Felice Nazzaro was born in Turin, Italy in 1881. He started work in the workshop of the Ceriano brothers (Fiat founders) and he was soon competing for the new Fiat racing team. He won the Padua 200 km race in 1900 at the wheel of a red Fiat and the 1901 Giro d'Italia in a Fiat 6 HP. The popular star of numerous Italian races early in the century, he even became an idol abroad, with a brilliant second place for Fiat in the Gordon Bennett Cup of 1905. Slight of build, gentlemanly of nature and immaculate in dress, his skill as a driver, mechanic and diplomat earned him the position of 'works' Fiat driver alongside Vincenzo Lancia in 1905.
1907 was Nazzaro's greatest year. He won the three most important races in the world; the Targa Florio in a Fiat 28-40hp, the Kaiserpreis Kaiser's Cup in Germany in a Fiat Taunis and THE most important race on the calendar, the French Grand Prix in the Fiat 130hp F2 Racer.
On the 8 June 1908, Nazzaro set the auto speed record at 193kph for 2.75 miles and briefly exceeded 200kph, the first driver in the world to do so.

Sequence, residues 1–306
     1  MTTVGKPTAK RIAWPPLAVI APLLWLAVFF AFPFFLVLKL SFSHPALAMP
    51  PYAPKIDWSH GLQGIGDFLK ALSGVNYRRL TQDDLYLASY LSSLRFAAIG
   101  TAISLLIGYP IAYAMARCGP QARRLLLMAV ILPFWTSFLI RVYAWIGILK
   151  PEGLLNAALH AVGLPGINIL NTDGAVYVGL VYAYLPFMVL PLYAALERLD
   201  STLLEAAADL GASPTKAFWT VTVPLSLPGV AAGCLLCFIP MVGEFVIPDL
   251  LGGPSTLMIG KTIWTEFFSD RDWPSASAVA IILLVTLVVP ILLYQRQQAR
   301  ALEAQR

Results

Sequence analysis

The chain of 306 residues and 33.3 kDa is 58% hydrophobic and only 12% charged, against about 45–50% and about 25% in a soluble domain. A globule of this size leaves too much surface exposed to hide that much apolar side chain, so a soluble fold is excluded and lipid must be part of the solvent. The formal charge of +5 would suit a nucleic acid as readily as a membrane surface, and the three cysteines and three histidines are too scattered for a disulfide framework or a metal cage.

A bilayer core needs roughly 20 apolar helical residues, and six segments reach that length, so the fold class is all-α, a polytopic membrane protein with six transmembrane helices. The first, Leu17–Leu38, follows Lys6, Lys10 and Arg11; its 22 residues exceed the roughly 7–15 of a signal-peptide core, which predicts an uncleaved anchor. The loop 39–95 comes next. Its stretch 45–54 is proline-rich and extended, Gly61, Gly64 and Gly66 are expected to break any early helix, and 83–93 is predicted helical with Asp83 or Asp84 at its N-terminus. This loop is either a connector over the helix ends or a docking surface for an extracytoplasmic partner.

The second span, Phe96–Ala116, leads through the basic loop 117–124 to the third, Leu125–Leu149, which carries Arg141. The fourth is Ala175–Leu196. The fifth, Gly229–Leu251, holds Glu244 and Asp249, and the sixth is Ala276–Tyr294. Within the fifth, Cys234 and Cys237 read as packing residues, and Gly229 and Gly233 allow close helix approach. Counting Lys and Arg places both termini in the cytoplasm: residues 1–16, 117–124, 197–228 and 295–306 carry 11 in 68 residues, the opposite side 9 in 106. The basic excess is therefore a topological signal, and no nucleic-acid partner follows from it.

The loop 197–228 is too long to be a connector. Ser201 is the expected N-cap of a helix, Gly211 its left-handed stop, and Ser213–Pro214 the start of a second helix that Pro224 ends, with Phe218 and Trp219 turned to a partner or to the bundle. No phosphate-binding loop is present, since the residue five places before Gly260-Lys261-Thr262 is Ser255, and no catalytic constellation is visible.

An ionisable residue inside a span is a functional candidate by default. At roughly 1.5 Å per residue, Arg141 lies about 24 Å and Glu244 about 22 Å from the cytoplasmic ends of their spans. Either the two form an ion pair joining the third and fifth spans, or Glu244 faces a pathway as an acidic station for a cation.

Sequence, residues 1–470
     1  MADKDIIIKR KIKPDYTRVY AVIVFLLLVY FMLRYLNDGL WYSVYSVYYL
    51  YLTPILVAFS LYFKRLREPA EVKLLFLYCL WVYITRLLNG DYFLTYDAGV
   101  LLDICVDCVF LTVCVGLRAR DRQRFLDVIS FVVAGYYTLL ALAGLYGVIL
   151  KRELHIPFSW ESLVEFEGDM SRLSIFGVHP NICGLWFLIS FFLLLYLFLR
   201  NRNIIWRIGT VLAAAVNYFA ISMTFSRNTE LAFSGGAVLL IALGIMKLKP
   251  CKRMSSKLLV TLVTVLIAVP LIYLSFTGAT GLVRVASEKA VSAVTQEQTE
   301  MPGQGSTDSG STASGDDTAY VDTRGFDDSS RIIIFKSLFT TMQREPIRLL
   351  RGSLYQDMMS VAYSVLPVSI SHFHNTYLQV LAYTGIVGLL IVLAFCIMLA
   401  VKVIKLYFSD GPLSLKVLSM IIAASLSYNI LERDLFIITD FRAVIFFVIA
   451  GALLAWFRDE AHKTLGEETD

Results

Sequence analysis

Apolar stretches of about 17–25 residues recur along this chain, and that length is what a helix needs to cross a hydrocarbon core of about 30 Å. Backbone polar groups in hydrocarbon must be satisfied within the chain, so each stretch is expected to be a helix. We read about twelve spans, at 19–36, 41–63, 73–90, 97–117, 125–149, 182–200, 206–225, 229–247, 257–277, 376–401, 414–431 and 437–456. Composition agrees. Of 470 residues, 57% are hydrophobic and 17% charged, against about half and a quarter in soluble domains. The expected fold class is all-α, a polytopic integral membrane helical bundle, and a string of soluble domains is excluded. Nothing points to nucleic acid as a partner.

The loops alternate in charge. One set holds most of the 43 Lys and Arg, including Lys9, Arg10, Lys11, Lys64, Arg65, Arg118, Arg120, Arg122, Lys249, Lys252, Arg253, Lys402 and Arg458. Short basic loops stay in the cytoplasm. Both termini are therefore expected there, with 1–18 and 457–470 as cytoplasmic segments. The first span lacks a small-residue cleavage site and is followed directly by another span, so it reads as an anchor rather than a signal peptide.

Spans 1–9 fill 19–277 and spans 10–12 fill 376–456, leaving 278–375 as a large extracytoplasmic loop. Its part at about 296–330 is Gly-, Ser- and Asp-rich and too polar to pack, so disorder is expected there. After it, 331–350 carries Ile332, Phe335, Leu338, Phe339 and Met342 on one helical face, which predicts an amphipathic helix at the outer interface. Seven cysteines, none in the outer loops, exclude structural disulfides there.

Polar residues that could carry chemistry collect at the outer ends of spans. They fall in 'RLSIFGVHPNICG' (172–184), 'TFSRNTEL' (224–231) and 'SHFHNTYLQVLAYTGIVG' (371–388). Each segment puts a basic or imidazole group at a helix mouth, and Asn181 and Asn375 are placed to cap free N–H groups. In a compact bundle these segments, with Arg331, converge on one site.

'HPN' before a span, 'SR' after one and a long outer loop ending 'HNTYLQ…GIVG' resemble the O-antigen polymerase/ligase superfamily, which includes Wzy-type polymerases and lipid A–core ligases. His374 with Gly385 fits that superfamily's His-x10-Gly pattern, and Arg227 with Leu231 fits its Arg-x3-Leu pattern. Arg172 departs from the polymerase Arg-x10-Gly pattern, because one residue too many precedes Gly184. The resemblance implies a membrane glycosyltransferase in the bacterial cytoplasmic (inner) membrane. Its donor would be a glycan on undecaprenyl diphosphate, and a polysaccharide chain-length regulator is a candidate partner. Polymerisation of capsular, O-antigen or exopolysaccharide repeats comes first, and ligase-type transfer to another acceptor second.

Felice Nazzaro, like Lancia and many other successful drivers of the period, also wanted to try his hand at producing cars. The First World War was looming and Fiat had begun to withdraw from racing, so in 1911, together with some colleagues, he founded Nazzaro & C.Fabbrica di Automobili in Turin. Initially his name was enough to ensure sales of the first model, the Tipo 2 powered by a 4.4 liter four cylinder side valve engine, which emerged in 1912. His race team, although generally beset with mechanical failures, had some notable success in motor sport. In 1913 he won the Targa Florio for the second time, driving a Nazzaro Tipo 2, putting no less than 3 hours between himself and the runner-up! A couple of years later an improved model, the Nazzaro Tipo 3 was released. The company went into liquidation in 1916, after having produced around 230 cars plus some 50 trucks. At the end of the war Nazzaro tried again, this time at Firenze. 210 examples the Tipo 5, a 3.5-liter overhead cam four-cylinder powered car were built and a Nazzaro GP car, driven by Meregalli, won the 1920 Targa Florio before Nazzaro finally gave up Nazzaro Automobili for good in 1923.